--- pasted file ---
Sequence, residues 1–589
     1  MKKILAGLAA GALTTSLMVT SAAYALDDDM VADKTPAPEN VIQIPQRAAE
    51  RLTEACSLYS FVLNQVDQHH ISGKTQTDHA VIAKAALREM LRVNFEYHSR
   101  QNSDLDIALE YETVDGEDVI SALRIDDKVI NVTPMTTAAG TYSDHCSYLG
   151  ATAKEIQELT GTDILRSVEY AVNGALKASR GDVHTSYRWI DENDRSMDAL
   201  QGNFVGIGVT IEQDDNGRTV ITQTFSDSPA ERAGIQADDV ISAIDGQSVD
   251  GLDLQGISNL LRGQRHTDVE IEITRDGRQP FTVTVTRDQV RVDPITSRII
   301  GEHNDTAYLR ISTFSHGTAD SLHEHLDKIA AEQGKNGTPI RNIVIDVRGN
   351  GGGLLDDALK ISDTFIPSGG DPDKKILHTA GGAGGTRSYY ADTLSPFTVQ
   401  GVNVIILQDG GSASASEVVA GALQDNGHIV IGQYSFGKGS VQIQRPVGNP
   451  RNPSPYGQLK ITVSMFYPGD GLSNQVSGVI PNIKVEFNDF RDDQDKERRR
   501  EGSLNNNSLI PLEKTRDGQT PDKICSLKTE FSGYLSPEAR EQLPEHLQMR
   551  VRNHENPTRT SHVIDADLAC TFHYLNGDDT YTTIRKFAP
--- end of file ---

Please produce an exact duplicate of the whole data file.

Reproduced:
Sequence, residues 1–589
     1  MKKILAGLAA GALTTSLMVT SAAYALDDDM VADKTPAPEN VIQIPQRAAE
    51  RLTEACSLYS FVLNQVDQHH ISGKTQTDHA VIAKAALREM LRVNFEYHSR
   101  QNSDLDIALE YETVDGEDVI SALRIDDKVI NVTPMTTAAG TYSDHCSYLG
   151  ATAKEIQELT GTDILRSVEY AVNGALKASR GDVHTSYRWI DENDRSMDAL
   201  QGNFVGIGVT IEQDDNGRTV ITQTFSDSPA ERAGIQADDV ISAIDGQSVD
   251  GLDLQGISNL LRGQRHTDVE IEITRDGRQP FTVTVTRDQV RVDPITSRII
   301  GEHNDTAYLR ISTFSHGTAD SLHEHLDKIA AEQGKNGTPI RNIVIDVRGN
   351  GGGLLDDALK ISDTFIPSGG DPDKKILHTA GGAGGTRSYY ADTLSPFTVQ
   401  GVNVIILQDG GSASASEVVA GALQDNGHIV IGQYSFGKGS VQIQRPVGNP
   451  RNPSPYGQLK ITVSMFYPGD GLSNQVSGVI PNIKVEFNDF RDDQDKERRR
   501  EGSLNNNSLI PLEKTRDGQT PDKICSLKTE FSGYLSPEAR EQLPEHLQMR
   551  VRNHENPTRT SHVIDADLAC TFHYLNGDDT YTTIRKFAP